New AgriLife Extension horticulture agent hired in Lubbock County

Writer: Kay Ledbetter, 806-677-5608, skledbetter@ag.tamu.edu
Contact: Christina Reid, 806-775-1740, ext. 1747, christina.reid@ag.tamu.edu

LUBBOCK – Christina Reid knew when she moved back to Lubbock she wanted to work as the Texas A&M AgriLife Extension Service horticulture agent for Lubbock County. The opportunity arose, and she began her new position on Sept. 17.

Christina Reid has been hired as the Texas A&M AgriLife Extension Service horticulture agent in Lubbock County. (Texas A&M AgriLife photo)

“AgriLife Extension is extremely fortunate to add Christina Reid to the Lubbock County Extension faculty,” said Michael Clawson, AgriLife Extension district administrator at Lubbock. “Her knowledge about horticulture, prior experience as a horticulture Extension agent in Oklahoma, and her professional relationships throughout the landscape industry in the Lubbock area are valuable assets as she starts her new career.

“Christina has a passion to serve and help others through Extension education. This passion, along with her positive and welcoming personality, will strengthen AgriLife Extension’s programming efforts in horticulture and water conservation education. I am excited about Christina serving in this position and the quality of educational opportunities she will provide to the citizens of Lubbock County.”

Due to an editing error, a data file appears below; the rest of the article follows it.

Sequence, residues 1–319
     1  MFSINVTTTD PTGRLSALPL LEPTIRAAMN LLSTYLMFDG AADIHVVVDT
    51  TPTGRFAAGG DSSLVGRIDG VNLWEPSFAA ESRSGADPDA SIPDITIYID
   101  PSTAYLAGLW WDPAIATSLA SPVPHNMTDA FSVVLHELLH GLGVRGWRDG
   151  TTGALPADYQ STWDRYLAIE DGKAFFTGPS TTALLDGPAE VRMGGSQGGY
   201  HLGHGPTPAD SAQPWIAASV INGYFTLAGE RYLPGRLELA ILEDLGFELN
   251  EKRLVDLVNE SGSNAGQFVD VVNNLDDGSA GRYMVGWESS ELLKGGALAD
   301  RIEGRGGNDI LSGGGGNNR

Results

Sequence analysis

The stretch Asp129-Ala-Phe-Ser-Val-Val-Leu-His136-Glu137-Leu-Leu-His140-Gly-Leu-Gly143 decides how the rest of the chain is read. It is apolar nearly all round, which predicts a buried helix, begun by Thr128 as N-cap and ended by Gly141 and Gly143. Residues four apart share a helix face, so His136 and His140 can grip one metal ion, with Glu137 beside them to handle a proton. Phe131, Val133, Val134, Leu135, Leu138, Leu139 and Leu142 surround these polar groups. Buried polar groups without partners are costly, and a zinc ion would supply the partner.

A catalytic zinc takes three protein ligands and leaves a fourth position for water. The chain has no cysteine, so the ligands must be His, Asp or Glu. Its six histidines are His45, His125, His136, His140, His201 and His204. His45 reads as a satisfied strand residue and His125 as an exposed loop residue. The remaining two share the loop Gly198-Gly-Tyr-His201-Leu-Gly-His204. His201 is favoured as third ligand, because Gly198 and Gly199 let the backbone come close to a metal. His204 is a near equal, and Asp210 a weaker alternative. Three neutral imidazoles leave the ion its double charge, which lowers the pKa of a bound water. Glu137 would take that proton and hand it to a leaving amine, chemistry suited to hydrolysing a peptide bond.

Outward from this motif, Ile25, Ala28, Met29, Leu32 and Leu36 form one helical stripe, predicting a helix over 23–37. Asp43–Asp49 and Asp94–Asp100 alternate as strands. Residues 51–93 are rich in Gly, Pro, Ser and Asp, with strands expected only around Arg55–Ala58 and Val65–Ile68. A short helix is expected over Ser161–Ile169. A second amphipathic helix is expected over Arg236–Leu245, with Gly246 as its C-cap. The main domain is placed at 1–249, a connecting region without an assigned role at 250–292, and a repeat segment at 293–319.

A native of Rockwall, Reid earned a bachelor’s degree in landscape architecture with a minor in horticulture from Texas Tech University. She worked as a horticulture educator with Oklahoma State University Extension in Oklahoma County, as well as with a variety of nursery and landscape companies.

“I’m excited about this opportunity and I look forward to working with and advising the Master Gardeners in Lubbock County and generating more interest in the program,” she said. “I also will be looking for outreach opportunities within the community to provide more education on water-saving tips, new horticultural information and, in general, good horticultural practices.”

Reid said the agency’s Earth Kind program is important to her because it “summarizes all the best practices in horticulture, such as being able to organically treat for pests, using your water smartly and using plants native to our region that don’t need the added water and chemicals.”

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